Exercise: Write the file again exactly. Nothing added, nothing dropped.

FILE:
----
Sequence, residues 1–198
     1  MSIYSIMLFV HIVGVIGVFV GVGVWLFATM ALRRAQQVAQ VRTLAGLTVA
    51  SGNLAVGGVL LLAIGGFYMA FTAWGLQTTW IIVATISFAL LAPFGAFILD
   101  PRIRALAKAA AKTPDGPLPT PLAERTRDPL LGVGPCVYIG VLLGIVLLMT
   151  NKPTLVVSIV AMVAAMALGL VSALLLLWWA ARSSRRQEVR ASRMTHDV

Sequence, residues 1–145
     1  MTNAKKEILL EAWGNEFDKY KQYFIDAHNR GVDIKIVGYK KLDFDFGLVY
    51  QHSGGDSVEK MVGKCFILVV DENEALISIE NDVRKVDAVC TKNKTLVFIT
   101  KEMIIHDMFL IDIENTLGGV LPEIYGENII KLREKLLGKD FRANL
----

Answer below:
Sequence, residues 1–198
     1  MSIYSIMLFV HIVGVIGVFV GVGVWLFATM ALRRAQQVAQ VRTLAGLTVA
    51  SGNLAVGGVL LLAIGGFYMA FTAWGLQTTW IIVATISFAL LAPFGAFILD
   101  PRIRALAKAA AKTPDGPLPT PLAERTRDPL LGVGPCVYIG VLLGIVLLMT
   151  NKPTLVVSIV AMVAAMALGL VSALLLLWWA ARSSRRQEVR ASRMTHDV

Sequence, residues 1–145
     1  MTNAKKEILL EAWGNEFDKY KQYFIDAHNR GVDIKIVGYK KLDFDFGLVY
    51  QHSGGDSVEK MVGKCFILVV DENEALISIE NDVRKVDAVC TKNKTLVFIT
   101  KEMIIHDMFL IDIENTLGGV LPEIYGENII KLREKLLGKD FRANL